You have a small inkling, then a feeling, then a growing wish to sell your business. You feel the time is right, perhaps for your own personal reasons or maybe because of the market. The motivation is there and the drive to sell is strong. You might be ready to sell your business, but is your business itself set up for sale?
There’s no question about it: you don’t want to start the sale process unprepared. You know what’s at stake here. No one wants to invest years of their life in building a business, only to sell it for a less-than-ideal amount. Yet business owners skip important steps all the time in a rush to sell their business and move on to the next thing (or to retire). Don’t let that happen to you! In our latest article, we explain five tasks you should complete before sitting down at the negotiation table.
Are You Ready To Sell Your Business?
You have invested years of your life into starting and growing your business. Now you want to sell. Maybe it’s time to retire, or maybe you’re ready to move on to another field. Whatever your motivation is for selling your business, you first need to be prepared for the technical aspects of a sale.
We’ve come up with five items you can check off your list to make sure your business is ready for sale.
You’re confident that your business has clear, cohesive branding.
Looks matter when it comes to how a business is perceived. A business without a strong brand automatically inspires less trust than a business with clear and cohesive branding. Your business must have a polished logo that appears consistently on all your branding materials.
If your business has a brick and mortar location, then it’s essential that the location is pristinely clean and embodies your brand identity.
Buyers don’t want to invest in a business where they have to come in and fix the branding. There’s something to be said for knowing your brand identity and implementing it across the board.
You have established a strong system and a clear post-sale management structure.
When a buyer is considering a business, they’re going to take the time to find out just how well both the day-to-day and big picture operations are run. If the business can’t function without you and your specialized knowledge, then that’s not a good sign. Buyers want to invest in businesses that are, for the most part, fully self-functioning. Good systems for each part of the business are in place.
One part of a good system is having a solid plan for the future. You need to have a plan in place for who, ideally, will remain in their positions and who will change roles after a sale. It’s important to have this post-sale management structure set before any negotiations begin so that potential buyers see that you are prepared – and therefore, that your business is well-run.
The financial state of your business is solid.
You need to make sure you have a firm grip on your own numbers before you start the sale process. It’s essential that you know if you have any outstanding debts or unpaid taxes. You should also have a thorough understanding of your profit and loss sheet. That way, you can explain just how your business weathers bad times and does well during good times.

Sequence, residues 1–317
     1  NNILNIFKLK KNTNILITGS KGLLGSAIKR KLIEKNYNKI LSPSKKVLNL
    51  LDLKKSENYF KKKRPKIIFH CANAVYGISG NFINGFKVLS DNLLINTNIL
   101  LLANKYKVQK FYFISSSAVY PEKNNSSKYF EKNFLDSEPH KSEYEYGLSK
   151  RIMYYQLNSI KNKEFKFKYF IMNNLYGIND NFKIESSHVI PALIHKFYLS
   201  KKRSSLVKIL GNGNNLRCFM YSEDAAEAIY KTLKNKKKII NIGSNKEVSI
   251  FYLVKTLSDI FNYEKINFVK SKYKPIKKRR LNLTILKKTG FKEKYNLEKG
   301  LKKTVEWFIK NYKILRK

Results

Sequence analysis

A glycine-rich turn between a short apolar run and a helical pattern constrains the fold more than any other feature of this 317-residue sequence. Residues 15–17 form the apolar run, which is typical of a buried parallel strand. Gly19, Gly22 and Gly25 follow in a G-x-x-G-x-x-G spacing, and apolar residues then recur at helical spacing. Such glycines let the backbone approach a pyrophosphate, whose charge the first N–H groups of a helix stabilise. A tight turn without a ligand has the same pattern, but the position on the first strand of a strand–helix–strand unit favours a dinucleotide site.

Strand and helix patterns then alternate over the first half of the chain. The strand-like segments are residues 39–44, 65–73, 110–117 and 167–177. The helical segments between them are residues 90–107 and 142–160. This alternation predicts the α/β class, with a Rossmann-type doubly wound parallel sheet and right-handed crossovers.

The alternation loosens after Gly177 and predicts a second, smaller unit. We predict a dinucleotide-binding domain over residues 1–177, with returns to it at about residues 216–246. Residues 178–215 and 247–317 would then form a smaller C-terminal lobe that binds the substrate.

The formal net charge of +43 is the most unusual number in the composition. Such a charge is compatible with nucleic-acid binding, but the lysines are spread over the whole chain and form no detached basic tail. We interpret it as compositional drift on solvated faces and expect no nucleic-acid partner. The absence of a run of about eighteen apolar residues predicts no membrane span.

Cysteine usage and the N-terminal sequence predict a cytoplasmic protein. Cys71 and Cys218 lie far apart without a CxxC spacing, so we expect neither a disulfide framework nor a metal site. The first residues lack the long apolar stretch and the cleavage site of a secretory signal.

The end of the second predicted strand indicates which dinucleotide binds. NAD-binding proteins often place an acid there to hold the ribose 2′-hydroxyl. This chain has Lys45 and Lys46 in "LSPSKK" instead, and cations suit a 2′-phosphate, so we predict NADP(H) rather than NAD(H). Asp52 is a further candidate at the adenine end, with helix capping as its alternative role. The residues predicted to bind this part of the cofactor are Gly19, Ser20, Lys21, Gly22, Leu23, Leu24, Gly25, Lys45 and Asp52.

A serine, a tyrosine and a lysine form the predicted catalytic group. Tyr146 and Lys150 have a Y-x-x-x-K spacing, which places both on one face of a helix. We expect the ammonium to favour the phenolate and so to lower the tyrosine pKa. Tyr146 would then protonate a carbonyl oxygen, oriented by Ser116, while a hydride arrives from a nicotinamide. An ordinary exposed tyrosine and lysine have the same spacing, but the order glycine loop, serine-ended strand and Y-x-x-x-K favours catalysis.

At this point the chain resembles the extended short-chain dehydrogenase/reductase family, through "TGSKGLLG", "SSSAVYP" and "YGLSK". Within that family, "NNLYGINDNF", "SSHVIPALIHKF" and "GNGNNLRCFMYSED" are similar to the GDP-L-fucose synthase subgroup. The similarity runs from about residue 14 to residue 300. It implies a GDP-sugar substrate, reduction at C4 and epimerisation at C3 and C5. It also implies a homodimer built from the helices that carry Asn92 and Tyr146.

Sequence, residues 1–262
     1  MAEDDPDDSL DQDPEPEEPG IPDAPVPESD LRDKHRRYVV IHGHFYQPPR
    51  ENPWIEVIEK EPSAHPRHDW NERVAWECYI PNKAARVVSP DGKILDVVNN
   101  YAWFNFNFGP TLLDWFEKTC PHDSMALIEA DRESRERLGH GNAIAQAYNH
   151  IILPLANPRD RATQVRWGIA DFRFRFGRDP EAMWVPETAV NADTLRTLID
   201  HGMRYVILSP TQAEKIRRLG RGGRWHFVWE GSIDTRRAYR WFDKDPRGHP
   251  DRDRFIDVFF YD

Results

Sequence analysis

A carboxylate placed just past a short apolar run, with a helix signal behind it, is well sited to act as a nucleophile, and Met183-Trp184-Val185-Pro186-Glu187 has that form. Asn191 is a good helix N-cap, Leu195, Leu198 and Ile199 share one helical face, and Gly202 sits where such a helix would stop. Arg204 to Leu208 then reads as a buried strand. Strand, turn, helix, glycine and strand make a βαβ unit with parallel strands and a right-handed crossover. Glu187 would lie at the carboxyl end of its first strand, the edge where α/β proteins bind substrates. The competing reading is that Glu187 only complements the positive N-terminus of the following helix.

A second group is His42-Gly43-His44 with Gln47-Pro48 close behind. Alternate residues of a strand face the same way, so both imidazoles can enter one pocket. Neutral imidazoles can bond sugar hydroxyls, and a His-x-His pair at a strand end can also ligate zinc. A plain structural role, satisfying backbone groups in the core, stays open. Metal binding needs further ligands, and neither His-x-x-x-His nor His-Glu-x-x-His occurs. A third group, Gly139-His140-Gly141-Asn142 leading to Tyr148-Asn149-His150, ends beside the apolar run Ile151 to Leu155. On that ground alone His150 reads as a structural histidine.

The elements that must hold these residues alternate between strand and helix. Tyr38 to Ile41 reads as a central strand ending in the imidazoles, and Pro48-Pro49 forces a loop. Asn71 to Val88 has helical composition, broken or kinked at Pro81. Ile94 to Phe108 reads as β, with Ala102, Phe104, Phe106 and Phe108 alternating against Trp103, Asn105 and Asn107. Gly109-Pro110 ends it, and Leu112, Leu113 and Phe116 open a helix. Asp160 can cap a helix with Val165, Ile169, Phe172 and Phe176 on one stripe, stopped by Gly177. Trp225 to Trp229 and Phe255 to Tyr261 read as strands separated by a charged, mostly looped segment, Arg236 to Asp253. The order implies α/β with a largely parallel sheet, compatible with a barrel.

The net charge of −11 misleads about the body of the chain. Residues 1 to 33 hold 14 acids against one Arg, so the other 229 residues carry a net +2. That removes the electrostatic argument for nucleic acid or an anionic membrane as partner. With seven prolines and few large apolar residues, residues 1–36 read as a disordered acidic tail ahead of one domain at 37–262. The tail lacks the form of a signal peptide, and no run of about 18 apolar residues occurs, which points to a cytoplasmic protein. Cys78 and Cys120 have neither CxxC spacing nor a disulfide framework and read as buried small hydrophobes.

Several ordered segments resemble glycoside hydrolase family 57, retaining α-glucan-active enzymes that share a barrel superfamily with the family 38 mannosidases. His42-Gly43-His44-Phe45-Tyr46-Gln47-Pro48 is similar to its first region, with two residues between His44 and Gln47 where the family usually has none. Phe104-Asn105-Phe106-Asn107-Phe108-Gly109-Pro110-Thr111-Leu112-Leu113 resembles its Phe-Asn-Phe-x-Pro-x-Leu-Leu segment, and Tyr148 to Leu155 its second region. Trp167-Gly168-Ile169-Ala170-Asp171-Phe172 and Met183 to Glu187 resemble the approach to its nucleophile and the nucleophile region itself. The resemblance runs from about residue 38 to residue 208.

This is also important because you must be able to prove that your business can operate without investor funding. If you’re still relying on investor funding, then this is a good sign that your business is not ready for sale yet. It signals to the buyer that the business is not yet self-sustaining and is not, perhaps, the best business model. Remember that investor funding cannot always be relied upon, so if you’re still counting on it, this will make your business a tough sell.
You have invested in a business appraisal.
When you purchase a house, you pay to have it inspected first. When you’re getting ready to sell your business, you pay to have it appraised first. This is an important task that can’t be skipped. You need to have an idea of what a third-party valuation of your business is before you go into any negotiations. Without an appraisal, you’re entering into negotiations blind.
You have assembled a knowledgeable team of professionals for the sale.
Before you sit down at that negotiation table, you need to be confident that you have the best team at your side. You’ve done all the work to prepare your business for sale, and now it’s time to nail down the specifics of the sale. You don’t want to try to make all these decisions on your own.
It’s a smart idea to have a CPA, an attorney, a business broker, and possibly a financial adviser at your side when you enter into negotiations. While you’re the expert on your business, these professionals are the experts in their areas, and they know what to look for to make sure you’re getting the best deal that you can.
The decision to sell your business is one of the most important decisions you’ll make in your life. Don’t enter into the process unaware. Make sure your business branding is strong, you have solid systems in place, your financial situation is solid, you’ve invested in an appraisal, and you have a great team by your side. Following these steps will help you get the best deal when it’s time to sell.